Tuesday, June 23, 2009
I didn't get to mention this at the appropriate time because of our crazy hectic schedule, but still wanted to acknowledge my super husband for his hard work in completing his second master's degree! Although he actually finished classes in March, the formal graduation for his Master of Divity degree was June 6th which of course we could not attend because of our new job. The graduation ceremony is still available for viewing (click here) but unless you want to sit through all 2 hours of the program, you can move the video to 89:30 to hear Mike's name announced (Michael L Catanzarito, Honors, In absentia).
---I'm sorry we couldn't have been in Ashland to celebrate, Honey...I'm proud of you for all you've accomplished!
Monday, June 22, 2009
(Sorry, no picture...we are at a student home and don't have the camara with us...)
I tested this recipe on Mike tonight and he said it tasted good, so I'm going to try it on the kids sometime. I found it several weeks ago on the Food Network website when I was looking for healthy versions of recipes that kids might like. It isn't necessarily the best ever Macaroni and Cheese recipe but it's not too bad. (Is this the first time that you've ever eaten squash, Mike?)
I measured roughly, used the microwave and used cheeses that were already here. I think the idea to using the squash and not having the flavor come through is to use sharp cheese and the pepper and hot sauce.
1/2 lb (2 cups) macaroni noodles
1 package frozen pureed winter squash
1 cup milk
3/4 cup cheddar cheese
1/2 cup mozzarella cheese
1/4 cup fresh grated Parmesan cheese
1/2 tsp salt
1/2 tsp ground mustard
1/4 tsp pepper
Several dashes of hot sauce
Preheat oven to 375. Cook macaroni al dente. Meanwhile, defrost squash in a greased casserole dish in the microwave, then add remaining ingredients and cook in microwave until cheeses are melted together. Drain macaroni and mix into cheese sauce. Add bread crumb topping if you like (2 Tbsp bread crumbs, 2 Tbsp Parmesan cheese, 1 tsp olive oil). Bake for 20 minutes and then broil for 3 minutes if you used the bread crumb topping. Makes about 6-8 servings.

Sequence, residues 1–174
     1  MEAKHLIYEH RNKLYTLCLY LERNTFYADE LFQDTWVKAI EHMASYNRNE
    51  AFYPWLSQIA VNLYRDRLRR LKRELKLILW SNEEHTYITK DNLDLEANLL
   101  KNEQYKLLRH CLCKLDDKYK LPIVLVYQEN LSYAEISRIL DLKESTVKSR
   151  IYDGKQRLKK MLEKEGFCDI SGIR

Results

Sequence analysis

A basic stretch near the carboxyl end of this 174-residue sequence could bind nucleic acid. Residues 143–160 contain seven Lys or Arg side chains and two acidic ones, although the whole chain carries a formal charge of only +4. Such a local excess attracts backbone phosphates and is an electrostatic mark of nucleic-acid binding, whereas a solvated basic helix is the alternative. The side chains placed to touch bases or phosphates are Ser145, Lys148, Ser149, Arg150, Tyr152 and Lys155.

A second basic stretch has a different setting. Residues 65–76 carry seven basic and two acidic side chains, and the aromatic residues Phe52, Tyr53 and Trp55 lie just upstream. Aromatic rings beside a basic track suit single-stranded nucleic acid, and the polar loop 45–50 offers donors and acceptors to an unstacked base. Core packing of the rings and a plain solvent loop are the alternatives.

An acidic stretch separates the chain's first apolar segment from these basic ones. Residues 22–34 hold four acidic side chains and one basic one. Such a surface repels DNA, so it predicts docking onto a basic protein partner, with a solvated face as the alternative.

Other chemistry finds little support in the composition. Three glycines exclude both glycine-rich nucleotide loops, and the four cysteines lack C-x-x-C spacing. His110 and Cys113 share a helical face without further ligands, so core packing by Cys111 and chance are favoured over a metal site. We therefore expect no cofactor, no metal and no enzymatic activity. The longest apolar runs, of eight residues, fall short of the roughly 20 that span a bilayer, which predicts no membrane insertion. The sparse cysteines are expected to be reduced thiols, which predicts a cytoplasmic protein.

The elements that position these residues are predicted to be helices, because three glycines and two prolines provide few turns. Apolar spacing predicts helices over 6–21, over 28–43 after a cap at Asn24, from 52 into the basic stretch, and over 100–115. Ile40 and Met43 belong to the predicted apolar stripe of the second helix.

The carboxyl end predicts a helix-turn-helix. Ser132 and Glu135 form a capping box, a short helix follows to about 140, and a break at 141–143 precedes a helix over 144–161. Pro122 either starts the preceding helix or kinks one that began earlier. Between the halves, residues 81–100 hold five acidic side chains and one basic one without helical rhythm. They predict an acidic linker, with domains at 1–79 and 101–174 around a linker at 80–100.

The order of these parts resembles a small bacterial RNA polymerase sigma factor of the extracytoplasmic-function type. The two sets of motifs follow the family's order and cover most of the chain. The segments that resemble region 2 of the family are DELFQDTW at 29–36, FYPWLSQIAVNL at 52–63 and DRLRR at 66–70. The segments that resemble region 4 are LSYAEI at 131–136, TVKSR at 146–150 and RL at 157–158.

The original recipe is here
Friday, June 19, 2009
We are so thankful to have had a quick visit with my sister, her family, my mom and dad and our new nephew, Aaron, last week before this swine flu virus hit campus. We made a quick trip to my sister's house during our daytime off-time. We certainly enjoyed our visit and I was blessed my a homemade cookie cake, cupcakes and ice cream for my birthday made special by my mom and sister with special added touches from the kids'decorating. This was as we were leaving...they were making fun faces at us and we made them laugh with the rubber chicken in the car window (if you click on the picture you can see their faces better)... Then on their way home, mom and dad stopped in Hershey for the "grand tour" of campus - again just a short visit during our off-time.
I never would have guessed that just a few months after leaving my job as a public health nurse who spent hours on the phone giving advice in communicable disease outbreak situations and had participated in those pandemic flu drills, that I would be so close to the novel H1N1 "swine flu" virus pandemic. The school has been dealing with an outbreak of swine flu on campus for the past week. It has been under control for a few days now, but scheduling for the summer is not to resume for another week. We have been essentially "on-call" for the last week but I will say that it has been a such a blessing that we had a couple days without kids to finally relax a little bit and sleep in this week although I still don't know if I will ever be caught up on sleep or not. We are also very thankful that this outbreak has not placed anyone in the hospital and that so far we have stayed healthy even though we have been in and out of homes where there has been illness.
We have been very busy - it is hard to do anything other than work and sleep! In fact we have been "on duty" technically 24/7 since last Sunday and will continue to be on duty until next weekend because of the swine flu outbreak, although we have been able to stay at our training apartment off and on this week. I started this post a couple weeks ago, but am finally adding the picture and posting it. It seems that each day there is something new to learn and there is the MHS jargon to learn as well. One of the things that is unique to the student homes which I thought would be fun to share is "the cow." It is the milk cooler that holds the 5 gallon bags of milk. I do remember these at college, but I've never needed to know anything about them, and of course, even though we had 5 weeks of training, knowing how to take care of the "cow" is one of the many skills that you just learn as you go on the job. Fortunately, the kids know how to do change the big milk bags (which are very heavy by the way), so we just let them "show" us how its done with a little help from us.